Save Detroit With Skateboarding
The Brewster-Douglass projects stand in the Detroit skyline as a metaphor for the contracting metropolis. Built between 1935 and 1955, the development first broke ground when first lady Eleanor Roosevelt broke ground in 1935 for the 701-unit development. Originally called the Frederick Douglass Homes, they were at once the largest residential housing project owned by the city of Detroit. The complex was home to a rolodex of famous figures from Diana Ross, Mary Wilson, Florence Ballard, Lily Tomlin, Loni Love and Etterlene DeBarge. But now, like the city it sits in, the projects are a shade of what they used to be. Abandoned, depleted and a dreary reminder of how the economic dream that was once Detroit has been turned into a financial nightmare with few resolutions.
On June 21, 2013 a cop showed up to a scene at the Brewster-Douglass projects that from the outside probably seemed like a situation that was getting out of control. Nearly 200 skateboarders had convened on the old housing projects and turned the space into a makeshift skatepark.
“Who’s in charge?” the cop reportedly asked the crowd. “You can’t be here; this is city property and you need a permit to do something like this.”
Unfortunately for the cop, there was nobody in charge. What the cop was witnessing was Detroit’s Go Skateboarding Day, organized by skateboard enthusiasts online and by word-of-mouth.What was unfolding at the Brewster-Douglass projects was not only a killer skate session, but an undeniable exemplification of city unified by skateboarding. Even more, it was a small piece of an ongoing effort by the City of Detroit to win a three-year bid for the X-Games to be hosted in the ailing city. This is no joke – while politicians were in gridlock in argument about what to do with failing pension funds and lobbyists protecting an economy centered on an automotive industry that will soon enter a fundamental shift with the introduction of mainstream electric cars – skateboarders, those punks with hoodies and beanies, were joining together to urge the X-Games committee to put the event there for three years.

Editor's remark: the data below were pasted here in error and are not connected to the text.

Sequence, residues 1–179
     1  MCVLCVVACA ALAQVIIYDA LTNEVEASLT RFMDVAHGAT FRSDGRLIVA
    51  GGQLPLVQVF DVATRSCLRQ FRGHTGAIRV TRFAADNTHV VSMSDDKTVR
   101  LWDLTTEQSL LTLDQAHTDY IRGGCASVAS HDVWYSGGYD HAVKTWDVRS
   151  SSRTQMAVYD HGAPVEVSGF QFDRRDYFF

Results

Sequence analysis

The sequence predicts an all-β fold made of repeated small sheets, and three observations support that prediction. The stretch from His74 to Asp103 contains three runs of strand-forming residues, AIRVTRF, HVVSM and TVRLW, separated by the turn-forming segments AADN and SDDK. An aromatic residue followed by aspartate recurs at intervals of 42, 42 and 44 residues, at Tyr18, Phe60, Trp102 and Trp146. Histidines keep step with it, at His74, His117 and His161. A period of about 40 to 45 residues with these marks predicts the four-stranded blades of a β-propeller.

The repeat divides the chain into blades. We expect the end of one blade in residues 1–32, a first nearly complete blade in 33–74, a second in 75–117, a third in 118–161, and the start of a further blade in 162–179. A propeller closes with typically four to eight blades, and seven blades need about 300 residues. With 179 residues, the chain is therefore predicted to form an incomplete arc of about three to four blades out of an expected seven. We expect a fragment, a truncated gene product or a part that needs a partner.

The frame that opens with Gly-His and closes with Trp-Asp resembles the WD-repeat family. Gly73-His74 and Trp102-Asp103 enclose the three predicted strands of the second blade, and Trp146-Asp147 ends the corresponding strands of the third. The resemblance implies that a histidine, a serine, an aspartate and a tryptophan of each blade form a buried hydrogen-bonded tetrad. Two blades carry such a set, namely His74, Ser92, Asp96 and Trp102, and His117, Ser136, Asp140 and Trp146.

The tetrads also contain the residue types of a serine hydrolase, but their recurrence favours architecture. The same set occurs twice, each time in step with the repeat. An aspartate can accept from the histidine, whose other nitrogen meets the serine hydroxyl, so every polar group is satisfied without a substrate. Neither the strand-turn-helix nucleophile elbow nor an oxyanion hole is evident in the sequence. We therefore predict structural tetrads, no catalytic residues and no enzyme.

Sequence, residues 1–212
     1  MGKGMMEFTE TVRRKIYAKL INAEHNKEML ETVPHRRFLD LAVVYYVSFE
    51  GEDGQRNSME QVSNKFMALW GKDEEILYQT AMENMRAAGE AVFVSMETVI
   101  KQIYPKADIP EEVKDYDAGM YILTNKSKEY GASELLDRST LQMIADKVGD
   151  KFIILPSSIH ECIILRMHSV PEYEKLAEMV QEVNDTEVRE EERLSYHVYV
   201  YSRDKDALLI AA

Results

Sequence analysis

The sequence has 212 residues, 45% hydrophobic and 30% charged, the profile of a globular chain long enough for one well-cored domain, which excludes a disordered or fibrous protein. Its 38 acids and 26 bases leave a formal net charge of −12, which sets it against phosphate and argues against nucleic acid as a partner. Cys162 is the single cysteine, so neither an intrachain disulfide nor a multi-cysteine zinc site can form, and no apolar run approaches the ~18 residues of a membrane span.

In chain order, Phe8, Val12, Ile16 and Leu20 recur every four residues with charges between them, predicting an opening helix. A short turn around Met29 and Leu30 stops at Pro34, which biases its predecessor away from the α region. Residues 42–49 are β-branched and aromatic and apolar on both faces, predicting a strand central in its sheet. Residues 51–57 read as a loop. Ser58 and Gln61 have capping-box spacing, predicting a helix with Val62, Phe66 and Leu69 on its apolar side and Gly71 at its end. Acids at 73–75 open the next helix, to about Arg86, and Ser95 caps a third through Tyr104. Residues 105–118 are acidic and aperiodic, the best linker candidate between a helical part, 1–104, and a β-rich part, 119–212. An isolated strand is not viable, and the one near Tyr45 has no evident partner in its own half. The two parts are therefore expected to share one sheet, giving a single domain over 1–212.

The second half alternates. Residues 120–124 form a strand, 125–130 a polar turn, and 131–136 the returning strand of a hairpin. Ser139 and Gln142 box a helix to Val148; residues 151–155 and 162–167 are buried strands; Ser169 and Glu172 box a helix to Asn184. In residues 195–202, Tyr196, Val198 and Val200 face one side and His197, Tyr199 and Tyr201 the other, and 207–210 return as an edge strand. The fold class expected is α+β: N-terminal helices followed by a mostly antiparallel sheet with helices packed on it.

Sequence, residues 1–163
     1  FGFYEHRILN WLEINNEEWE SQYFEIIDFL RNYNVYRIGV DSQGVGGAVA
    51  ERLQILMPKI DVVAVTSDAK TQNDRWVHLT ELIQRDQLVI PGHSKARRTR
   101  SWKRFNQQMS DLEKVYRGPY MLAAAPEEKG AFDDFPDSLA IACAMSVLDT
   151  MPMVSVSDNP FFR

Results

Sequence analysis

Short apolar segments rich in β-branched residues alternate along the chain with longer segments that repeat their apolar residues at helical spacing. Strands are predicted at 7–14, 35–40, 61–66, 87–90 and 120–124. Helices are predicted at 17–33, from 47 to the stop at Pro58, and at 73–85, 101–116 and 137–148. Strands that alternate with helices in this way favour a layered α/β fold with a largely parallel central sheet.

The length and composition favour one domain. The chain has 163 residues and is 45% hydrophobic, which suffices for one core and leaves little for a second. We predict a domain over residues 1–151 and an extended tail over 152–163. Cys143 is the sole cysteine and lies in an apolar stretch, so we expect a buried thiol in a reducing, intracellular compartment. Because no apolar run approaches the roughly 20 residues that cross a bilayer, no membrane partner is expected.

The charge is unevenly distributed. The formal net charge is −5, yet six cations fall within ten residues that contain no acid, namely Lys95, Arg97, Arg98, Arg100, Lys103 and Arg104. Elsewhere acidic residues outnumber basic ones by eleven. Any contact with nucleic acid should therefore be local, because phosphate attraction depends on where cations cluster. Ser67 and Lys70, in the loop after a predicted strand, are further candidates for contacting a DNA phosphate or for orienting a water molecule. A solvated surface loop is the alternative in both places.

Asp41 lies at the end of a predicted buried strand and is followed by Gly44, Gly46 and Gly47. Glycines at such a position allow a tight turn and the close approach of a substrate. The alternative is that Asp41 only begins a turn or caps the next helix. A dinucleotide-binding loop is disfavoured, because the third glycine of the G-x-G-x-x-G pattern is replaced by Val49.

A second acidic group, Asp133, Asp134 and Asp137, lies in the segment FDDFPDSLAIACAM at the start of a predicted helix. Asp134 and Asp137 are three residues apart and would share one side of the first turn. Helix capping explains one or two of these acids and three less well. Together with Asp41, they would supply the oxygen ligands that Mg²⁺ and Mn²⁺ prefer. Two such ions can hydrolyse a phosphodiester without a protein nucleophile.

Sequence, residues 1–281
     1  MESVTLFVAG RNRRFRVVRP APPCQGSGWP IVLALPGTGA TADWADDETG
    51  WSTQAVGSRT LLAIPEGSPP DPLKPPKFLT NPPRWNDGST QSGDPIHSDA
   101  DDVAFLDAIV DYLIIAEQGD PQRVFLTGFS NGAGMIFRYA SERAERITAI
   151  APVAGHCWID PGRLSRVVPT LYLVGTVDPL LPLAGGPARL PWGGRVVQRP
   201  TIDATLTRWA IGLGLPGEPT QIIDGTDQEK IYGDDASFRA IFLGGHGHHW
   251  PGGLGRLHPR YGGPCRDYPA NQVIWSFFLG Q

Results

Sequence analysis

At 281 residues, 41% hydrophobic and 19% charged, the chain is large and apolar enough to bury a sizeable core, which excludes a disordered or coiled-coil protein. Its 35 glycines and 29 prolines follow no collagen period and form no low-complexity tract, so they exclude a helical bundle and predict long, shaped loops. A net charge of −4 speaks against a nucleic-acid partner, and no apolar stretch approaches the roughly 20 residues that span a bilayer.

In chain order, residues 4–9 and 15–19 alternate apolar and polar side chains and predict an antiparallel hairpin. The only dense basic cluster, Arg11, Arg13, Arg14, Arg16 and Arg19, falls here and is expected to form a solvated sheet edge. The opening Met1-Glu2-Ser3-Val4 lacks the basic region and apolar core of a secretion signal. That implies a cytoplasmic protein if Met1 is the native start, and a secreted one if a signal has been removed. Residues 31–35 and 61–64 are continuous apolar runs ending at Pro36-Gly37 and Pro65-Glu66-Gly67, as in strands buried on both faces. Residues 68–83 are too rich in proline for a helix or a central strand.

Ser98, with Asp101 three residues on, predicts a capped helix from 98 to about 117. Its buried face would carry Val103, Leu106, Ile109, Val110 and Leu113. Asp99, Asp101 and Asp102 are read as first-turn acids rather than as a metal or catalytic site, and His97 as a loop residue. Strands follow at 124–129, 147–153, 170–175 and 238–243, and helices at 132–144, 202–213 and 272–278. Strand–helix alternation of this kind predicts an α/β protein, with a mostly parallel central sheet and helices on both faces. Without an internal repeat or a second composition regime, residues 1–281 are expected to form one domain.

Cities around the country were also vying for the economic opportunity. This past July, Austin was granted the 2014 summer X-games after 11 years of being hosted in Los Angeles. The immediate economic impact for the city could surpass $50 million with the event to reach an estimated 400 million households, and will be covered by 200-plus accredited media from across the world. But that barely scratches the surface. The demographic of the X-Games viewers tend to cater to one of the hardest segments in the market to reach – males between the age of 12 and 24. While the center stage for the X-Games are an amazing feat of athletic accomplishment, the business is a hodgepodge of marketing opportunities that ultimately associates the city with young, hip and energetic brands. This bodes well for the future development of the city’s workforce.
The city of Detroit knows these numbers also – using official ESPN viewership statistics, the city estimated that the four-day event could fill up 129,000 hotel rooms annually and attract up to 200,000 attendees every year.
That’s a lot of tourism dollars.
Needless to say, the skate community was spearheading this effort. Inner City Skateboard co-founders Darnell Turner-Stroud and Delon Robinson are a powerful force in the Detroit skate scene who largely supported the event at the Brewster-Douglass projects. Alex Alvarez, a masters student in urban planning commented that “something like this with all these skateboarders at an abandoned housing project, is definitely encouraging for the bid and it shows that there’s definitely more productive ways to make use of open spaces in Detroit.”
Ultimately, the bid was given to Austin for the entirety of the three year period. However, the story is just unfolding. With new skateboarding events such as “Street League” taking place every year, and skateboarding becoming a widely distributed activity online, there are more and more opportunities to make skateboarding a force for economic stimulation as well as a way to engage hard-to-reach segments of the population. The key will be to drive an understanding that ultimately niche communities can serve as a platform to engage very productive and unique individuals. Tapping their creativity and personality unites others in that community and creates a larger force for societal good. Sounds lofty, but with so few options to choose from, does it really sound that crazy?